3. Another indicator of autism is intense interest in specialist subjects. When an autist finds their subject they will become very very focused (known as hyper focused) on it, and find it very difficult to move away from the subject when they are engaged. If you remember my post yesterday, I shared an image explaining tendril theory. Tendril theory explains what it’s like for an autistic person when you ask them to stop what they are doing without any warning. As I explained above, change is difficult for autistic people, and therefore as much preparation as possible should be given. As a fair warning however, sometimes too much notice can actually have the opposite of the intended affect, and cause an increase in anxiety. It’s a difficult line, but with adult autistic people, please just ask them what their specific need is.
 
4. Autistic people can experience sensory stimuli very differently. For example, eye contact, noise, pain, smell, textures and touch can be very overwhelming. I know of a child who walked around on a broken leg for 2 weeks before mentioning his leg hurt. That’s because he experienced big pain differently to neuro typical people. That same child also screamed bloody murder when they got a paper cut, for the same reason.
 
Autistic people find eye contact very challenging, because they are not able to process and filter the verbal communication at the same time as the visual communication. Temple Grandin wrote a brilliant book about the autistic brain, and in it she has a brain scan. The findings (which you can Google or buy the book!) showed that the nerves that process vision were much more enhanced or developed than the control brains. This explains both her brilliant vision, and her difficulty holding eye contact.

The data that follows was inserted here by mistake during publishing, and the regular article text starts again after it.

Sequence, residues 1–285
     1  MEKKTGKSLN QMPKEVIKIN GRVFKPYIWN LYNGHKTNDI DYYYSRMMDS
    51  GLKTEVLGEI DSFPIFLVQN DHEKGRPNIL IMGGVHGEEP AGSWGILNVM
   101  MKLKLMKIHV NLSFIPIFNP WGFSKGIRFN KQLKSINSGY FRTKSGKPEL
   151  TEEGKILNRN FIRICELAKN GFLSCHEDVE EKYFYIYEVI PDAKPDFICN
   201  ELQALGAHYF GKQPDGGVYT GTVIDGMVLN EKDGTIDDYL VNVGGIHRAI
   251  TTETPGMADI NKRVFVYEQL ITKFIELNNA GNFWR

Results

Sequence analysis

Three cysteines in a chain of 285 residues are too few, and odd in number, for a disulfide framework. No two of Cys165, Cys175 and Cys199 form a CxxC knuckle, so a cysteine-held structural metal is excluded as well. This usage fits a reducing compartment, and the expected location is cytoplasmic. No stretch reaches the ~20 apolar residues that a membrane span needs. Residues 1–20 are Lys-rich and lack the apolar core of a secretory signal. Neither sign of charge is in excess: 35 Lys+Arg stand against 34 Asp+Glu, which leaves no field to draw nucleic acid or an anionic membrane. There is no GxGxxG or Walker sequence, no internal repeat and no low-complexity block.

Many clothing stores are now bringing out autism friendly clothing, because they recognise that seams, labels, buttons and materials can trigger huge sensory overload, and making sure that autistic people have access to this type of clothing makes living in a neuro typical world a lot easier.
 
Helping someone with sensory overload means allowing them to retreat if they need to. In schools there is often a safe space created so the child can calm themselves down and I feel like this should be available in all communal spaces. Avoiding hand driers, cleaners, obligatory touching (such as handshakes) are all helpful to avoid sensory overload. In adults, the boundaries are somewhat different, because as in children this is all unique to the individual, but in adults, somehow they are often expected to put their autism aside and meet the needs of neuro typical people.
 
Given how much distress that causes, it’s not very fair is it?!
 
I started this blog intending to cover all three aspects, but I’ve written so much about behaviour, and because I don’t want to cut any out, I’m going to separate this into three blogs. So tomorrow, I will explain about social interaction in autism. Whilst I’ve touched on it here, it’s a big subject on it’s own, and as such deserves more space.
 
As ever, please don’t hesitate to ask questions, and please remember to respect the experience of others ❤